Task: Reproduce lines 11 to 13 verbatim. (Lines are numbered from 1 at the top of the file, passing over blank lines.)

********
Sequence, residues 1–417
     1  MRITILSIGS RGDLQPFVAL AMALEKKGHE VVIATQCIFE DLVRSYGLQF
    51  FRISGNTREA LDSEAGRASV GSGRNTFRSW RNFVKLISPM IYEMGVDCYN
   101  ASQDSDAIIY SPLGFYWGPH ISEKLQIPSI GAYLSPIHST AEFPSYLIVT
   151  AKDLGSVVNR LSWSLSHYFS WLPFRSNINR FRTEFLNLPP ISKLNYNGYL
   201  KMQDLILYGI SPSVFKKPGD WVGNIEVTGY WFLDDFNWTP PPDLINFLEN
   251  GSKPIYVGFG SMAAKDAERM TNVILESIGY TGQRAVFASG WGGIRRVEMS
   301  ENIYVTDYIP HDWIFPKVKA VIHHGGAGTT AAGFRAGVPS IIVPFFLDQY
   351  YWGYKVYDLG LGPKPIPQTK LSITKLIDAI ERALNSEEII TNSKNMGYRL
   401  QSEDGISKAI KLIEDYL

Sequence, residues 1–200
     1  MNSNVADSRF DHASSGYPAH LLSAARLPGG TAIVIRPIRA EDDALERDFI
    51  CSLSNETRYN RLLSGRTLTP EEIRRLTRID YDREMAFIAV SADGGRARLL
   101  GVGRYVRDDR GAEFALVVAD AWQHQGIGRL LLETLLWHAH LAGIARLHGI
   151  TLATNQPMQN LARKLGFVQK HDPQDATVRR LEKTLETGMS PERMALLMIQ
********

Sequence, residues 1–200
     1  MNSNVADSRF DHASSGYPAH LLSAARLPGG TAIVIRPIRA EDDALERDFI
    51  CSLSNETRYN RLLSGRTLTP EEIRRLTRID YDREMAFIAV SADGGRARLL